You are asked to design a circuit that indicates if a 12 V battery has been connected the correct way around to two terminals, A and B. To do this, you have chosen to use a special kind of diode known as a LED.
A green LED will light to indicate the battery is connected using the correct orientation (positive to terminal A, negative to terminal B) and a red LED will light to show an incorrect connection (negative to terminal A and positive to terminal B).
A LED acts in a similar way to a rectifier diode, it lets current flow from the anode to the cathode, but blocks current from flowing from the cathode to the anode. When current is allowed to flow, the LED will also light up.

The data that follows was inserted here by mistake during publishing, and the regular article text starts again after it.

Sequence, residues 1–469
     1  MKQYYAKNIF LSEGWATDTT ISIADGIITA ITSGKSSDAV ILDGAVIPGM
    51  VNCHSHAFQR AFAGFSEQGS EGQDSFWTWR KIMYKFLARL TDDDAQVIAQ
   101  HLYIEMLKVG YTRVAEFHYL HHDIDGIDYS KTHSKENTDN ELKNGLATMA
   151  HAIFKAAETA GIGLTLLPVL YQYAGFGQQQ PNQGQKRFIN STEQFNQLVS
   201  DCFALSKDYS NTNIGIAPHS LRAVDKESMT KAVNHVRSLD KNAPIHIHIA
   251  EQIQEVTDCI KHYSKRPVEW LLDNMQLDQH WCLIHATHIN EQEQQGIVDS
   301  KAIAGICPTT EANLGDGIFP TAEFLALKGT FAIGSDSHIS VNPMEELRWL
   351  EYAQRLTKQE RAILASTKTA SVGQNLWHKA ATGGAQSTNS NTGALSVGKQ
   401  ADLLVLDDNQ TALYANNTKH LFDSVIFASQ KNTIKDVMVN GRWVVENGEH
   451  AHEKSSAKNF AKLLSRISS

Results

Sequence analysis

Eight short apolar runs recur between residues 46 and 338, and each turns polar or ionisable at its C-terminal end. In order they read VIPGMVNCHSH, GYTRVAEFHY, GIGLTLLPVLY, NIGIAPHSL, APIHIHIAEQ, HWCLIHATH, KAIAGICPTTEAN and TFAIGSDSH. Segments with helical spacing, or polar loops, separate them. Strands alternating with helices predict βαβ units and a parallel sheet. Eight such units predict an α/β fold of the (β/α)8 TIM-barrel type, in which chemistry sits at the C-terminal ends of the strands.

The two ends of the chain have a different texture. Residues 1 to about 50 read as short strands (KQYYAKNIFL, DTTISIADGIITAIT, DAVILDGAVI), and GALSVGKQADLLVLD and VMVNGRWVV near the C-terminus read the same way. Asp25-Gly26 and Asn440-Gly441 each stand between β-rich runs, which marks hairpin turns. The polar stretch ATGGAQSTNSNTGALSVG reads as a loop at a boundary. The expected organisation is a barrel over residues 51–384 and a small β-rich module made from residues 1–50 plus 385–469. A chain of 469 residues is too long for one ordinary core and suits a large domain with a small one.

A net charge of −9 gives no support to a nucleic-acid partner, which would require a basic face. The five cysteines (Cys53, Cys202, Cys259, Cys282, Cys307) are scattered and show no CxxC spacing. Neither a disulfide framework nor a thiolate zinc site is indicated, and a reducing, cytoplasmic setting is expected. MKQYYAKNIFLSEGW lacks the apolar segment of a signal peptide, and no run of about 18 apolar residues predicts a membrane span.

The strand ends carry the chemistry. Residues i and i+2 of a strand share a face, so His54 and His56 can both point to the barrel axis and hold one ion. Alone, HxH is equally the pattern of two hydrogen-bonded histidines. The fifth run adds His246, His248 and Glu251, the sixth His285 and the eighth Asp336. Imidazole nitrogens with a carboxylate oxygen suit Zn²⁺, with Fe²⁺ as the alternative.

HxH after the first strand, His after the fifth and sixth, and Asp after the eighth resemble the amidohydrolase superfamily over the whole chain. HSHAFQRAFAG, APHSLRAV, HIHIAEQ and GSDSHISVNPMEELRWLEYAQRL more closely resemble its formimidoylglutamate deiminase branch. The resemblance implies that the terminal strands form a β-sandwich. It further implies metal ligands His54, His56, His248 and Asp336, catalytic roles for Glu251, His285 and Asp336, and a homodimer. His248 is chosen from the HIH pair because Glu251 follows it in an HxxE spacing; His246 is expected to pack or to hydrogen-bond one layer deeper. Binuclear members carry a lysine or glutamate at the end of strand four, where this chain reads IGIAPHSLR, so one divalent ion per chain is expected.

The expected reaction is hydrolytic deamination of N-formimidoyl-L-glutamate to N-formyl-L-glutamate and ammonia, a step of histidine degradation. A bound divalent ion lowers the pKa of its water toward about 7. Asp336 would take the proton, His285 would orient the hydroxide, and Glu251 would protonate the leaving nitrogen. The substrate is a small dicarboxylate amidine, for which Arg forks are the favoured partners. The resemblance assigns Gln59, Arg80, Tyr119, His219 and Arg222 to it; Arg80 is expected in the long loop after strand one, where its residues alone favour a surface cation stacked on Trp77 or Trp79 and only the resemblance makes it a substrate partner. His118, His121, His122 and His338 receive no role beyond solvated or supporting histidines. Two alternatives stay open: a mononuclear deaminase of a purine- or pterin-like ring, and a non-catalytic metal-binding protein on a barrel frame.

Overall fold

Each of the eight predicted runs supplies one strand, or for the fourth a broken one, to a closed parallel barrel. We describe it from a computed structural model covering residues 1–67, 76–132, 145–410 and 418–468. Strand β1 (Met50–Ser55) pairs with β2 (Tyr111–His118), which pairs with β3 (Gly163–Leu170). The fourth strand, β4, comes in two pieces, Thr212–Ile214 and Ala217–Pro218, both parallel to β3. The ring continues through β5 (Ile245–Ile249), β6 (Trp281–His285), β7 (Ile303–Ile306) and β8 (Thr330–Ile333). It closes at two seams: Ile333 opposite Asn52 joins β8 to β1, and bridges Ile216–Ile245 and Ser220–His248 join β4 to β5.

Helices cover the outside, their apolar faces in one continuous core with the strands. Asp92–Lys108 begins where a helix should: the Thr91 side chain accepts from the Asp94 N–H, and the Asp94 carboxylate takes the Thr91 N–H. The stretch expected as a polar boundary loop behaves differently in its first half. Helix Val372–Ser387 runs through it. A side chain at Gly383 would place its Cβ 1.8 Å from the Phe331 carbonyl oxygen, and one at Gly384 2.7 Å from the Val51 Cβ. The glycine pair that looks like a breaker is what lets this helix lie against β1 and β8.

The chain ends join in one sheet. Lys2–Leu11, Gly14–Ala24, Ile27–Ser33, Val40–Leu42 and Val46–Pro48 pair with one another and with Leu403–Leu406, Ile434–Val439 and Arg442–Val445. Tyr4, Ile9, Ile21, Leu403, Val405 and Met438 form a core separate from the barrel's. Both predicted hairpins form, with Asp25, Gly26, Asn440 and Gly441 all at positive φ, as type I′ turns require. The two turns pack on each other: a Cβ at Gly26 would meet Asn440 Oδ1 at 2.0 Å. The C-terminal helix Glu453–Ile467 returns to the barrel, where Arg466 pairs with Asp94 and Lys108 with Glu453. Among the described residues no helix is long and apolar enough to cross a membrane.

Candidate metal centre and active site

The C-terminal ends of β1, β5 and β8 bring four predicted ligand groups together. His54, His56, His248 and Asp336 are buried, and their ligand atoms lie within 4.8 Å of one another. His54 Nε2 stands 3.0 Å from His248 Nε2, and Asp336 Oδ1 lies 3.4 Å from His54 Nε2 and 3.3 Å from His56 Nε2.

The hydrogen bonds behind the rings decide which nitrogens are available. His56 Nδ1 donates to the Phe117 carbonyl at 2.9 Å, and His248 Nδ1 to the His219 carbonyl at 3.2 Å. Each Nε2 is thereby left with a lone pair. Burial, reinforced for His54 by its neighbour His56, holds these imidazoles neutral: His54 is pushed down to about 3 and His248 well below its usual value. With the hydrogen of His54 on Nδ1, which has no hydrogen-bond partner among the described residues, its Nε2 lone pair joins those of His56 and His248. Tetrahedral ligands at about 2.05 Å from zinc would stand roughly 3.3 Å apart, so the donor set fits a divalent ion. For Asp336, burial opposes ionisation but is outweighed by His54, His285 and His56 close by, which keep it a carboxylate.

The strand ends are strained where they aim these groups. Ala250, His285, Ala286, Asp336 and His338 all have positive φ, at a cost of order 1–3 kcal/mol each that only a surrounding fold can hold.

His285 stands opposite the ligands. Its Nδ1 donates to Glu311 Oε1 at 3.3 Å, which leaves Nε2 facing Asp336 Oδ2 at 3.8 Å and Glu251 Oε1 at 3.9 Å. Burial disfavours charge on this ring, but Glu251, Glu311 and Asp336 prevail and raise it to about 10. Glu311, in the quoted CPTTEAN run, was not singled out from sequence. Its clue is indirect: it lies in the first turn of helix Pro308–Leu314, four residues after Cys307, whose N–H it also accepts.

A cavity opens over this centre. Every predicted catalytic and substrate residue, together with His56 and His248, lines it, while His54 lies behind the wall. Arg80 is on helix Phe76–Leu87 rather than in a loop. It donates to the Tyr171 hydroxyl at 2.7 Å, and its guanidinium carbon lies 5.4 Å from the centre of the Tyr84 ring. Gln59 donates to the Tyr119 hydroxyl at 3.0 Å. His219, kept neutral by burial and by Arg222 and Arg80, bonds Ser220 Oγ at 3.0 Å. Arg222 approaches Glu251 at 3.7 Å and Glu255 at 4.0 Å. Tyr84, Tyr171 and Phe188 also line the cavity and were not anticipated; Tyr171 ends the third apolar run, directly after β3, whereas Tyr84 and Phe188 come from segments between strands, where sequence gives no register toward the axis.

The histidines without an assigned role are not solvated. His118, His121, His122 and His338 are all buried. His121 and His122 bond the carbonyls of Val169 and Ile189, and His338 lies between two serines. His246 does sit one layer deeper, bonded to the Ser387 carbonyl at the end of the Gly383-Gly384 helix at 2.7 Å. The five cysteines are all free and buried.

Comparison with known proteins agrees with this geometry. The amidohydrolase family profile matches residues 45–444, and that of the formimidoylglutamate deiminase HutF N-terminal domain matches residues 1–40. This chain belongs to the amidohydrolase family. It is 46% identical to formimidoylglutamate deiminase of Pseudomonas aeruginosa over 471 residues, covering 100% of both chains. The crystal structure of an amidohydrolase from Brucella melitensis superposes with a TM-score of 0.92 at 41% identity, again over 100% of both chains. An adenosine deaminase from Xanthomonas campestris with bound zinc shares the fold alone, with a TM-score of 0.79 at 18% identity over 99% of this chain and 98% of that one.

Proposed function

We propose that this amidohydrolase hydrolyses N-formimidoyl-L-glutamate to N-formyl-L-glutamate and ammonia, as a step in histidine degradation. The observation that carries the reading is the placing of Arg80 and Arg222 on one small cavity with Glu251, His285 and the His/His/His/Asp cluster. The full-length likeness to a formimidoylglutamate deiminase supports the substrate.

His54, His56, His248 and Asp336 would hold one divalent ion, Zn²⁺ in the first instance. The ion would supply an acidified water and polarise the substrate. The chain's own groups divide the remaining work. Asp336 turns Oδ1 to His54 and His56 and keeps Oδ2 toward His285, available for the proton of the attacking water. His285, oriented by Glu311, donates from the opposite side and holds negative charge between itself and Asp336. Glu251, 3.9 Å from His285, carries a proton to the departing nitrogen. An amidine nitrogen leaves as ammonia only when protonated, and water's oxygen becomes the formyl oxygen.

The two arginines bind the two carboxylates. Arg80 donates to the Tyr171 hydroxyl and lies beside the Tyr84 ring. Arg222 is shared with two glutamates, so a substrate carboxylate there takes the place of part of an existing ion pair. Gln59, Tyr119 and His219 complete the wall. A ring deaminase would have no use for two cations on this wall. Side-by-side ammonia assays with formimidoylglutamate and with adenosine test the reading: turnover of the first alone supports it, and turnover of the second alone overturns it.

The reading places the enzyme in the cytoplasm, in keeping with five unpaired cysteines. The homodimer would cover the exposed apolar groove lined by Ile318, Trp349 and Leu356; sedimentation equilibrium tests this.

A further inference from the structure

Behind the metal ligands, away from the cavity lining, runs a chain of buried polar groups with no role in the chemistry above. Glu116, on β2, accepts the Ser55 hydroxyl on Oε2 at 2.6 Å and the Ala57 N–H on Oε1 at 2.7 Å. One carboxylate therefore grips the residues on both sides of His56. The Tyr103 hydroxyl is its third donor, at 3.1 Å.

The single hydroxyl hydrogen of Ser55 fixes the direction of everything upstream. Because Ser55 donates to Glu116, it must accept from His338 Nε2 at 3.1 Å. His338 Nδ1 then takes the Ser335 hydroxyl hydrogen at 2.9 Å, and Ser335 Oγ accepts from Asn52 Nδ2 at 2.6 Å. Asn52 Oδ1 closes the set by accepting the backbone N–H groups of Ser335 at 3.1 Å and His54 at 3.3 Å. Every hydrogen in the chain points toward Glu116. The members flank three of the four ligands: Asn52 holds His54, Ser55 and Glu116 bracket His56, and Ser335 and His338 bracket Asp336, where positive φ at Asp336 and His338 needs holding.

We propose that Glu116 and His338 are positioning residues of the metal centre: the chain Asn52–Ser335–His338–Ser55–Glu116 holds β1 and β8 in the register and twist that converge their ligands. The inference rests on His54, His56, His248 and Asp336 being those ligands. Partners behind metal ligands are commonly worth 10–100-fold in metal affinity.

However, unlike a rectifier diode, which has a 0.6 - 0.8 volt drop across it when conducting, a LED typically has 2.5 volts drop. Too much current flowing through a LED can damage it; your circuit needs to limit the amount of current flowing through any LED used. After reading the specification sheet from your LED's supplier, you have found that to achieve a sufficient brightness without damaging the LED, a green LED should have 30mA flowing through it while a red LED should have 45mA.
Design the circuit and include all calculations necessary to show why you selected specific components. Draw your circuit twice, once for the correct connection of the battery and once for the incorrect connection. For each case, clearly show the voltage across each component and the current in each branch.